Why and how digital marketing analytics are useful?

From pie charts to today’s dashboards everywhere, marketers cannot work without analytics. Marketing analytics have been in stay for decades. Digital analytics, however, has been the mainstream in recent years as everything goes online and digitalised. It has almost become a stand-alone craft.

Digital analytics gains the prominence largely due to the multitudes of the data and formats. In the good old days, a spreadsheet was sufficient to carry a company’s analytics. But in the digital era, a company’s analytics profile is complex. Website analytics alone using Google would have more than 200 metrics. What makes the situation more interesting is the speed of data creation and collection. Everything happens in real-time and a blink of eyes.

Despite the Four Vs of Big Data, digital analytics for marketing still falls in the realm of marketing analytics. This blog discusses the roles of digital analytics play in marketing to be useful for organisations. The roles are pretty straightforward.

In their famous Key Marketing Metrics book, Farris, Bendle, Pfeifer & Reibstein (2017) wrote,

Today marketers must understand their addressable markets quantitatively. They must measure new opportunities and the investment needed to realise them. Marketers must quantify the value of products, customers and distribution channels— all under various pricing and promotional scenarios. Increasingly, marketers are held accountable for the financial ramifications of their decisions. (p.2)

They summarised marketing metrics’ roles in organisations are to assess opportunities, performances, and accountability. But do not forget about risks.

Opportunities and risks

Digital analytics measures data collected internally and externally of organisations. Externally, the focus is mainly on consumers and competitions.

Consumer data enables businesses to understand consumer attitude and behaviours. Marketing decisions follow to engage and convert consumers into customers. The analytics work does not stop at monetising the insights. It continues to advise the efforts of customer relationship management.

Marketing analytics also help businesses manage risks. Social media monitoring is a common practice for firms to detect consumer sentiment. All social monitoring dashboards nowadays attempt to measure consumer sentiments to brands. A negative sentiment score would alert marketers to find issues and prevent them from becoming problems.

The ultimate purpose of identifying and measuring opportunities and risks is to set consequent marketing objectives, which are decisions to either take the opportunities or to walk around the risks.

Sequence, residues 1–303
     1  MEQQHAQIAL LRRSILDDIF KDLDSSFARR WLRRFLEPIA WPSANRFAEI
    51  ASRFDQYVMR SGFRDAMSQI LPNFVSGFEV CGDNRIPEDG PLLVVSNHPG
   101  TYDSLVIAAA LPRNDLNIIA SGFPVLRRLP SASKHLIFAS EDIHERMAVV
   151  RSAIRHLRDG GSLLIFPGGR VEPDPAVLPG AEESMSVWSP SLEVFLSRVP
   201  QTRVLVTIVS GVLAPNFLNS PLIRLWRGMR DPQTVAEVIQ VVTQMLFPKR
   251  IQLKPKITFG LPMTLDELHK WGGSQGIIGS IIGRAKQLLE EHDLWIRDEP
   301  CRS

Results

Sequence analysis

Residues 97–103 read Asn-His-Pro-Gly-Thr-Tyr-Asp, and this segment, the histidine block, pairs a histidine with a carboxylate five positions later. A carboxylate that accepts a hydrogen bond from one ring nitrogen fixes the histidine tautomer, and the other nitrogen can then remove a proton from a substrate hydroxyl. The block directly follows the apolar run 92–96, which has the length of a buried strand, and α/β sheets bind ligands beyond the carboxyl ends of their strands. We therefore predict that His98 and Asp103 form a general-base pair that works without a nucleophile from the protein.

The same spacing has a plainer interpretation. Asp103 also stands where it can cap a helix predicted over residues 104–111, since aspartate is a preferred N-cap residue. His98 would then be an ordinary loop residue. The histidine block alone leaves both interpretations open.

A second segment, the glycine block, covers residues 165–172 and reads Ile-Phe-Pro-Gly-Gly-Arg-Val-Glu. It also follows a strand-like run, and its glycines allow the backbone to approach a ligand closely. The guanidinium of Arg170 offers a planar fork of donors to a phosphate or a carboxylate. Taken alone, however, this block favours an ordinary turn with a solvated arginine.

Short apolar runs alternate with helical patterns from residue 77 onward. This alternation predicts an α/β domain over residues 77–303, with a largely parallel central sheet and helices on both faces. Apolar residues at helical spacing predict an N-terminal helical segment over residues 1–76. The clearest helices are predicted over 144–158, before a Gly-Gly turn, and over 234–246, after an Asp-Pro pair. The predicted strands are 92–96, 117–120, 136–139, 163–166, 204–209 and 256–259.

Analytics measure how much results marketers have delivered. It is perhaps the biggest role that marketing analytics plays. Therefore the term KPI (key performance indicator) appears everywhere.

Monitoring performances relies mostly on internal data, for example, sales, revenue, and profit margin. Organisations tend to guard such data tightly unless they have to disclose, for example, the regular investor reports. Competitors crave for rival’s performance data. Marketing researchers and analyst value such data with the same level of interest.

Therefore it is unique for Clicademy to disclose its website performance data to assist the member’s learning of marketing analytics.

Performance data are significant by themselves. But they are even more meaningful when examined against objectives. This leads to the next role that analytics played.


Effective marketers deliver performances that meet or exceed objectives. Marketing objectives must be aligned with businesses’ ultimate objective which is to be profitable. In the old days when marketing was a side-kick of the sales function, marketing constantly needed to justify its expenses.

The contemporary definition puts marketing management in the central and ubiquitous position of a firms’ value creation and exchange with customers and other stakeholders. This does not alleviate marketers’ accountability to the financial ramifications of their decisions. What has been changed is the scope of the marketing objectives. They are no longer only to the quantifiable contributions to the sales numbers. Meeting the qualitative value creation and exchanges objectives, for example, managing a firm’s social citizenship, can also justify marketers’ accountabilities.  

Down to the objectives

There is a common phrase which is “marketing objectives” to link up the three roles of digital analytics for marketing. A firm uses digital analytics to assess opportunities and risks, performances, and accountability of the marketing teams. They only make sense when there are meaningful and realistic objectives set and delivered.